Beth talked of Fleabag and magic and lady knights and dragons before offering personalised bookmarks and signing books for those who wished to buy. As I am reluctant to post photos of children without their permission you must take my word for it that she had a rapt audience. I had managed to catch a few words with her beforehand but, much like at a wedding, there were many people wishing to spend time with the focus of the show and it would have been rude to attempt to monopolise. The launch was for a children’s book, and it was the children who deserved Beth’s attention.

Instead I browsed the shelves capturing images of books I was particularly pleased to see on the tables. I had intended to return to say goodbye to Beth, who planned to spend the day at the shop meeting any who wished to chat about her books, but there were always others patiently waiting their turn. I hope that they enjoy getting to know Fleabag as much as I have.


Fleabag and the Ring’s End is published by March Hamilton Media, and is available to buy now.

Book Review: Fleabag and the Ring’s End


Fleabag and the Ring’s End, by Beth Webb, is the third and final book in the author’s Fleabag trilogy, a fantasy adventure series aimed at 7-11 year olds. I reviewed the first book here and the second book here. This final instalment offers another dose of high octane action, adventure, magic and dragons – along with a reveal of the incorrigible Fleabag’s true name, and how he lost his leg.

The story opens with a young boy, Kern, being hired by Fleabag (who is a three legged talking cat) to play fiddle at the palace Fire Festival. Here Kern meets Phelan the King, Fire Wielder Gemma and her bodyguard, the Princess Rowanne, all of whom played key roles in the previous books in the series. When Kern looks into Rowanne’s eyes he realises that she is the intended recipient of a secret message he has been tasked with delivering by M’Kinnik, the chief wizard at Porthwain where the university is based. The wizards from this establishment draw power from evil, blue magic which the ruling Fire folk believed they had defeated.

A delegation from the university arrives at the palace. They wish to enact a Great Challenge, as the law states anyone may do who believes a ruler or Fire Wielder are unfit to perform their duties. Using sorcery and tricks the wizards force the young Fire folk to accept the challenge immediately. They threaten war if Phelan and Gemma do not travel alone to perform the required tasks at the wizard’s stronghold.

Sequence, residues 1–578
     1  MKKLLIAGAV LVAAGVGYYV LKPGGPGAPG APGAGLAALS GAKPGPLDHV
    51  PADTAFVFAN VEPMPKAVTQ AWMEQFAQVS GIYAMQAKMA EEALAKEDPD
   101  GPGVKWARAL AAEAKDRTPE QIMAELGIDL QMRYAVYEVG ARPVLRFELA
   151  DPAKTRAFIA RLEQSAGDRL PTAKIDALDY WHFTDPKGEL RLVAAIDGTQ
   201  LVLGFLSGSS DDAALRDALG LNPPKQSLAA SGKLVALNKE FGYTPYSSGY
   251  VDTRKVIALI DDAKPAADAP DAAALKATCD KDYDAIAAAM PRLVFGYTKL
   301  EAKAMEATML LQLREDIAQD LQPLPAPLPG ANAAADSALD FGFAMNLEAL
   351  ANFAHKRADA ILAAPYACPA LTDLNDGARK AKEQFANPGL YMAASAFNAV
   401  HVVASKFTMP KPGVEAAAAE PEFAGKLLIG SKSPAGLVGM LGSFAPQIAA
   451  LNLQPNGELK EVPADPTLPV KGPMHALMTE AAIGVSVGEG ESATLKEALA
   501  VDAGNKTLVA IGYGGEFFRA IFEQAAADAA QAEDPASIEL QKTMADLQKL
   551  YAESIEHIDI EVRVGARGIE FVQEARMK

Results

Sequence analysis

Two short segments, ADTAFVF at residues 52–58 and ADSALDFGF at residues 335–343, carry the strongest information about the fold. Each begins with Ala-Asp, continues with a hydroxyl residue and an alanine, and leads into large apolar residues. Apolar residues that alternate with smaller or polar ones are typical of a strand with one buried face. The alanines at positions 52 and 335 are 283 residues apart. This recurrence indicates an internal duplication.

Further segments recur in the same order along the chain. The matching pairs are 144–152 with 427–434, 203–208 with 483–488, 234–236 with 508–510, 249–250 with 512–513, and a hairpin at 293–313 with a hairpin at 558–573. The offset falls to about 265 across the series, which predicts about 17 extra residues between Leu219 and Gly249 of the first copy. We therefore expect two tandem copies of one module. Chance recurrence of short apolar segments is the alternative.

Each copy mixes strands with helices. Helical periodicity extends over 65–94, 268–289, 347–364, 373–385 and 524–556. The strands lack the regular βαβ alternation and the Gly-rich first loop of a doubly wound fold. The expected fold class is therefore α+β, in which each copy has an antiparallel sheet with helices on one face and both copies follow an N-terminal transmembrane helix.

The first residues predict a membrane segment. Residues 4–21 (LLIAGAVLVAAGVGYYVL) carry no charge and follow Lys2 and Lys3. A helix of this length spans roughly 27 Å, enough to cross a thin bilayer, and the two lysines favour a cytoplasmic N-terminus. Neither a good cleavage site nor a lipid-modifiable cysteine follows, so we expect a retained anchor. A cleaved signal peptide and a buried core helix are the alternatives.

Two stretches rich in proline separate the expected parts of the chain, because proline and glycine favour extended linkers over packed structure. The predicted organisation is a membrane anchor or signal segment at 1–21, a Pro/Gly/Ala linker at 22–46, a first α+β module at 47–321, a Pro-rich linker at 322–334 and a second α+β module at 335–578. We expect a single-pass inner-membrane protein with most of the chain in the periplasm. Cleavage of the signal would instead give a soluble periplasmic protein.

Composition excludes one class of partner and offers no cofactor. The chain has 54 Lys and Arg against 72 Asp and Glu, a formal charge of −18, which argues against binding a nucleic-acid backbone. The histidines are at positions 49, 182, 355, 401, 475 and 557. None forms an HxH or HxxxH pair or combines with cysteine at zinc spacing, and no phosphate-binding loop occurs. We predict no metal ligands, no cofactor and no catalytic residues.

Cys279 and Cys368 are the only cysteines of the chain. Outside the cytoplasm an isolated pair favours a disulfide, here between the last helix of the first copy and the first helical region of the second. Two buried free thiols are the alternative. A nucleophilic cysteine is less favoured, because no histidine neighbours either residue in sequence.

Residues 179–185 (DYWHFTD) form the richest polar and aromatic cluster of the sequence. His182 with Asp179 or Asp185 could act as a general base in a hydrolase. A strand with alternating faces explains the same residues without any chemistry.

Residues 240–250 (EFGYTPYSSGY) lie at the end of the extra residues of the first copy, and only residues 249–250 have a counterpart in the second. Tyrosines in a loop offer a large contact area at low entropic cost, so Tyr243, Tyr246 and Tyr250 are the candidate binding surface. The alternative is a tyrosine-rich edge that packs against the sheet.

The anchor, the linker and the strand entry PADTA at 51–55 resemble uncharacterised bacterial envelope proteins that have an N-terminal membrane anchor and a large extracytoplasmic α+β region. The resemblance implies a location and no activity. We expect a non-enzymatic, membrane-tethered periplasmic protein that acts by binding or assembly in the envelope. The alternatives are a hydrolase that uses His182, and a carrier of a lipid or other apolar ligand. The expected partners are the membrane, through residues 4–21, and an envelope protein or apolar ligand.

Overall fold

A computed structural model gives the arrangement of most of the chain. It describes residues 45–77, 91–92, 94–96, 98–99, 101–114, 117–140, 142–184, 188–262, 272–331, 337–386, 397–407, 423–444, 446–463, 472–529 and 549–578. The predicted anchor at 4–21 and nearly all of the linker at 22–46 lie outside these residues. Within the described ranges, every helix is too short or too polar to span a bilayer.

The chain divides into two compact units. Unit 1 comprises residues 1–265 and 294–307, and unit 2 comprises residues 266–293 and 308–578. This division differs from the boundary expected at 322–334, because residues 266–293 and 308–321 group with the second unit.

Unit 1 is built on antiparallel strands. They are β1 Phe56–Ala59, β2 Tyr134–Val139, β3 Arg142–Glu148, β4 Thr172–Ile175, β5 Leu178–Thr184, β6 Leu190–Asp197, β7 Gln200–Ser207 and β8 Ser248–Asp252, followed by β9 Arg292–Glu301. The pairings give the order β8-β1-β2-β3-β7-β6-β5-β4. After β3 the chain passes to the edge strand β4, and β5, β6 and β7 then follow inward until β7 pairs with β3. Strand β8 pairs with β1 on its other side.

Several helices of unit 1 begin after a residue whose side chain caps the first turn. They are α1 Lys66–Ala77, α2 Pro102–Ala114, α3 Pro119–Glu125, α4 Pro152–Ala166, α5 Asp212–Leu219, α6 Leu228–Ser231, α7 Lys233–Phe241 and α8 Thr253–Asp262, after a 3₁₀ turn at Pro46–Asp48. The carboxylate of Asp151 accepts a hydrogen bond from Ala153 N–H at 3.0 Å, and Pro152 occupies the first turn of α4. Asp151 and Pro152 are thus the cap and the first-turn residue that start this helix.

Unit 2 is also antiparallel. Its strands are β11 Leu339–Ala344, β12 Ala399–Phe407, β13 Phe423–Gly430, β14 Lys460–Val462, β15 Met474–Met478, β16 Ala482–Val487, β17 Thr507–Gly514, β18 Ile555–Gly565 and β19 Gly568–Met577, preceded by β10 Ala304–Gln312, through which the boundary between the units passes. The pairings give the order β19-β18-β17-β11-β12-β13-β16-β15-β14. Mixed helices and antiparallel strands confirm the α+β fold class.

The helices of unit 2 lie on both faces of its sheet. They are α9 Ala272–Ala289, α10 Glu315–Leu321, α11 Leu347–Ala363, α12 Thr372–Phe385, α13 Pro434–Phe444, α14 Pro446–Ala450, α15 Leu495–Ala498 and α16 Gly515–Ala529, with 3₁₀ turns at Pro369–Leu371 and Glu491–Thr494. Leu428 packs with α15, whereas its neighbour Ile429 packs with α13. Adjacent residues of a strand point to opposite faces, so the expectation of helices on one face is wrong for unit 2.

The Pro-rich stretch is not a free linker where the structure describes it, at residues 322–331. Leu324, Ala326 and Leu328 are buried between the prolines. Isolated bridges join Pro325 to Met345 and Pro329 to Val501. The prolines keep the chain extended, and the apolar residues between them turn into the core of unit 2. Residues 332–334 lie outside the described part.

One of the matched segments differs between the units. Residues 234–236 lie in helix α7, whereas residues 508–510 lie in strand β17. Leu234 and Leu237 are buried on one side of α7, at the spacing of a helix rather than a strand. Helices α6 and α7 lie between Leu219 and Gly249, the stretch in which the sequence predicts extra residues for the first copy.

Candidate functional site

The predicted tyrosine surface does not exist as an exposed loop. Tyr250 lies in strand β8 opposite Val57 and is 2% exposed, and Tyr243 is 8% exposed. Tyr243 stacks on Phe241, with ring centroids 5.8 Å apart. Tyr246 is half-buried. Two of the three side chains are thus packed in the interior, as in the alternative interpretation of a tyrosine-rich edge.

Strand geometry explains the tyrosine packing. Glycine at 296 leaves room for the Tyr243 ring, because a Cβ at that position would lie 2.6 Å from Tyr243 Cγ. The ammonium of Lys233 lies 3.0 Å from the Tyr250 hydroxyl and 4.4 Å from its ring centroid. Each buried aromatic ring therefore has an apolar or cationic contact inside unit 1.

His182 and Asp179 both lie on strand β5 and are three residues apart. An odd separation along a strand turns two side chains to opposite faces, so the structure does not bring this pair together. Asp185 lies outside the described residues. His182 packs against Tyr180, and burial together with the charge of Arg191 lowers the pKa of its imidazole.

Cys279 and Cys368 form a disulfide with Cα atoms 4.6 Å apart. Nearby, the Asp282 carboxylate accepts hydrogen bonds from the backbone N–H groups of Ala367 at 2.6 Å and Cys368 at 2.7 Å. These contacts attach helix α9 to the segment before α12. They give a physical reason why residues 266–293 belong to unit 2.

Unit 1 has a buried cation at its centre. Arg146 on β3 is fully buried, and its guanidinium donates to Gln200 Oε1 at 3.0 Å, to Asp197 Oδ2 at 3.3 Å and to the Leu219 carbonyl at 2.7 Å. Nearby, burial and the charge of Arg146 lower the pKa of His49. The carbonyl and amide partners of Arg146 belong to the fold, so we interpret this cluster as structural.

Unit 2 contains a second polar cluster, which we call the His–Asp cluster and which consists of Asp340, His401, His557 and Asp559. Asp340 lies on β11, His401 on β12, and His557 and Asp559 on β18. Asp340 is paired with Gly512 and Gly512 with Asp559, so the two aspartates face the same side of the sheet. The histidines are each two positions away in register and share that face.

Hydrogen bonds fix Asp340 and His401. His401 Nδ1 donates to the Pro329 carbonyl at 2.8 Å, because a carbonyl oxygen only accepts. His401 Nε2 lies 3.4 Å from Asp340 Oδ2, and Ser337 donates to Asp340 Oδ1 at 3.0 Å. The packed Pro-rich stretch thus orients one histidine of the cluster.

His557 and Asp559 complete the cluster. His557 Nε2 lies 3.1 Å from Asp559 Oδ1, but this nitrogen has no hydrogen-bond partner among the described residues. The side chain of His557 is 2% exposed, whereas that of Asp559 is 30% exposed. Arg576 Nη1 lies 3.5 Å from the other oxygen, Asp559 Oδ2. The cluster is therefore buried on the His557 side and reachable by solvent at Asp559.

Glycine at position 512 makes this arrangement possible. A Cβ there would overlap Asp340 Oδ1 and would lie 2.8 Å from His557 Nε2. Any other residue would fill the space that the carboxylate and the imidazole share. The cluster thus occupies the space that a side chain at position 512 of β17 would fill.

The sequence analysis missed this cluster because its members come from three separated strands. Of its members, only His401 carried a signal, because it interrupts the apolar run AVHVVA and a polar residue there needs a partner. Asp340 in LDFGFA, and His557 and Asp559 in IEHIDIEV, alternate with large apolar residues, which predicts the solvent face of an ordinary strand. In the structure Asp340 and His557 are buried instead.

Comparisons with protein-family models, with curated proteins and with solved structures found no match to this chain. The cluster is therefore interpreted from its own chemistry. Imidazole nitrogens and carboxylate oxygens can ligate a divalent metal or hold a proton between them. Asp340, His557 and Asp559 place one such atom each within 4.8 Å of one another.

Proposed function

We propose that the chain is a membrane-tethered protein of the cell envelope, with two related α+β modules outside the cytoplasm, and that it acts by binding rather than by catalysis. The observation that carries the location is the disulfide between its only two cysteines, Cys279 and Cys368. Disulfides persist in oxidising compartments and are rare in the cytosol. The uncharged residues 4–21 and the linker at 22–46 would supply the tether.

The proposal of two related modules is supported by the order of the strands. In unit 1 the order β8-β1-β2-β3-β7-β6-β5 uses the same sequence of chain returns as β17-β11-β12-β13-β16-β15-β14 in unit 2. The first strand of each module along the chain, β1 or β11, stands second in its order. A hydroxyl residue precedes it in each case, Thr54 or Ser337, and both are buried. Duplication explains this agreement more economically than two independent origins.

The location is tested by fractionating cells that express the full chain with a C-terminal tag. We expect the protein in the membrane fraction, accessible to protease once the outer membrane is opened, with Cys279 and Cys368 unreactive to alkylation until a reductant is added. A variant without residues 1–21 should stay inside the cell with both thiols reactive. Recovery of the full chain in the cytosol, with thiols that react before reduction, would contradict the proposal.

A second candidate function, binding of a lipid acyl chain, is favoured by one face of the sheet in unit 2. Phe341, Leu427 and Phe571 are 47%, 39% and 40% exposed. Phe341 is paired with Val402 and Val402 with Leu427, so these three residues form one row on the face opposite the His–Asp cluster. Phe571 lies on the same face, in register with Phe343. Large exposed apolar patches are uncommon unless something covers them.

The blue magic is corrupting all it touches. Phelan, Gemma and Fleabag (who was banned from attending but came anyway) are being held as virtual prisoners. As they try to prepare for what is ahead, Rowenna is in mortal danger. Kern tries to help but the wizards seem to anticipate the Fire folks every move.

The action is non stop. The plot twists and turns as skill, strength, wit and wisdom are pitted against tricky magic and those who will stop at nothing to gain power. Even Fleabag must dig his claws into the action, between naps and tummy rubs that is.

There is much to take from this story apart from the compelling tale. Neither good nor evil are absolutes and people are rarely as they first seem. Being entrusted with a task does not mean only that person is capable of carrying it out, yet there may be reluctance to hand on what could lead to personal gain, even for the greater good. Few feel comfortable revealing all their secrets; other’s motives can be difficult to comprehend.

The denouement was unexpected but worked perfectly, especially given the lesson briefly touched upon that omnipotence is a role more than an individual. Of course, I read this as an adult. These books are written for children, and they will adore Fleabag. They will also understand that power contaminates because they experience that amongst their peers every day.

Although the book can be enjoyed standalone it builds on the background offered in the previous instalments. As before, the words are accompanied by illustrations which add to the visual appeal.

A rollicking fantasy adventure that will feed a child’s imagination. I thoroughly enjoyed reading this captivating tale.

My copy of this book was provided gratis by the author.